What’s for Lunch? Sesame Noodles with Asparagus

[Ed. note: Today's post comes from Abby Knoblauch, an Assistant Professor of English at Kansas State University, who teaches graduate and undergraduate courses in composition and rhetoric, persuasion, and popular culture. She maintains a blog at Whole Houses. She's also a foodie.]

Over the next weeks, we at ProfHacker will focus our lunch specials on in-season vegetables since spring and summer are times when we have vegetable bounties. Asparagus is one of those vegetables that is coming into season now. Asparagus is low in calorie and it’s a good source of many vitamins and minerals. If you have a favorite vegetable (or vegetable recipe), please leave suggestions in comments below and we’ll do our best to find a recipe that can be modified for a lunch dish.

The following recipe comes from Deborah Madsen’s Vegetarian Cooking For Everyone. It’s a potluck favorite and is good hot or cold. This is one of those recipes that can be a bit pricey for start-up because a few of these items aren’t necessarily in everyone’s kitchen, but after that, it’s pretty cheap.

Sesame Noodles with Asparagus

  • 1/4 C. sesame oil
  • 3 Tbsp dark (or toasted) sesame oil
  • 7 Tbsp soy sauce
  • 3 Tbsp Chinese black or balsamic vinegar (I use balsamic)
  • 3 1/2 Tbsp dark brown sugar
  • 2 tsp salt
  • 2 tsp chili oil (I use Mongolian fire oil)
  • 1 Tbsp ginger
  • 1-2 cloves garlic
  • 1/4 C. cilantro (optional)
  • 1 bunch asparagus
  • 1 bunch scallions
  • 1/4 C. sesame seeds (optional)
  • 1 package whole wheat thin spaghetti or 14 oz. pkg Chinese rice noodles (I use whole wheat pasta)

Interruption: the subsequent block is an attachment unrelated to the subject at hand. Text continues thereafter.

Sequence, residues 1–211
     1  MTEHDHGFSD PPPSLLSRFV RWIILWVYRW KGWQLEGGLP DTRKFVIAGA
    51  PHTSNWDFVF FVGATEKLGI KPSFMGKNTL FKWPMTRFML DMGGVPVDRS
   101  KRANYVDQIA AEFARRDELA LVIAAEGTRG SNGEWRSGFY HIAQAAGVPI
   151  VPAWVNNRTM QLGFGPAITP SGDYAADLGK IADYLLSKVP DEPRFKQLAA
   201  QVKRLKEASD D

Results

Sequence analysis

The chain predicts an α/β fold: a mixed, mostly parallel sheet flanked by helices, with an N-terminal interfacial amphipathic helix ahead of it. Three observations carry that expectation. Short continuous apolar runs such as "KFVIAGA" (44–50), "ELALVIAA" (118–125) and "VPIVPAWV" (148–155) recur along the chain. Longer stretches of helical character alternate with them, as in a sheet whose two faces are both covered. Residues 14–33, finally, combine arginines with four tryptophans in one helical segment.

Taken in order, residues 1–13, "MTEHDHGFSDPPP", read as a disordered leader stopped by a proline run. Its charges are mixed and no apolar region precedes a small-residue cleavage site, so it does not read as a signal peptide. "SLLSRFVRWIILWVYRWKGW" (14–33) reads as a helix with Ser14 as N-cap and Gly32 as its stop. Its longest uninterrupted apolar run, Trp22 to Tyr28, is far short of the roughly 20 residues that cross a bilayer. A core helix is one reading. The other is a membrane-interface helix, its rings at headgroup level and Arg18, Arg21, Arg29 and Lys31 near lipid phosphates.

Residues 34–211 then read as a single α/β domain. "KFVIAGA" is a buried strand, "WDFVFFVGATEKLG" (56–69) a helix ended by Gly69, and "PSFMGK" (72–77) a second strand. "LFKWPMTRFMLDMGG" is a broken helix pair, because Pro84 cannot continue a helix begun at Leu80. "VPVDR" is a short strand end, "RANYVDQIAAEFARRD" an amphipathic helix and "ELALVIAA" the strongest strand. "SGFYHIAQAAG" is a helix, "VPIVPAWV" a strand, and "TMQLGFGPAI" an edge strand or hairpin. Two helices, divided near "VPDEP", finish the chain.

• 1/4 C sesame oil
  • 3 Tbsp dark sesame oil
  • 7 Tbsp soy sauce
  • 3 Tbsp balsamic vinegar
  • 3 1/2 Tbsp dark brown sugar
  • 2 tsp salt
  • 2 tsp chili oil
  • 1 Tbsp fresh minced ginger
  • 2 garlic cloves, finely chopped
  • 1/4 C. cilantro, chopped


Mix together and stir to dissolve sugar.


The noodles and asparagus:

  1. Rinse asparagus and trim off woody ends (about 1/4 inch on bottom).
  2. Bring a large pot of water to boil. Add a little salt and the trimmed asparagus. Boil until bright green and tender firm, just a few minutes. Remove asparagus from boiling water and rinse under cold water to stop cooking. Set on towel to dry.
  3. Cook noodles according to package in the (already boiling) asparagus water. (If you’re using rice noodles, make sure you pull the noodles apart with your fingers before adding to the boiling water.) Strain noodles. (If using rice noodles, rinse under cold water and shake off excess water.)
  4. Rinse and trim the “roots” off the scallions, then thinly slice scallions, including some firm greens.
  5. Toss noodles with marinade, most of the scallions, and most of the toasted sesame seeds and asparagus. Mound them in a bowl or on a platter and garnish with the remaining asparagus, scallions, and sesame seeds.


To toast sesame seeds:
You can do this on the stove top or in the oven. If toasting on the stove top, use a wide frying pan. Heat the seeds on medium heat, shaking pan occasionally. Remove seeds when they start to darken and become fragrant (3-5 min). If doing this in the oven, preheat oven to 325 F. Spread the seeds on a baking sheet. Bake until seeds start to darken and become fragrant — 10-15 minutes. Let cool.

Refrigerate leftovers. This heats up fine for leftovers as lunch. It’s also nice served cold for lunch or for a summer potluck.

How about you? Asparagus is a lovely food when it’s fresh during the spring and summer. What do you do with this marvelous vegetable? Please leave suggestions in comments below.

[Image by Flickr user hoveringdog and used under the Creative Commons license.]

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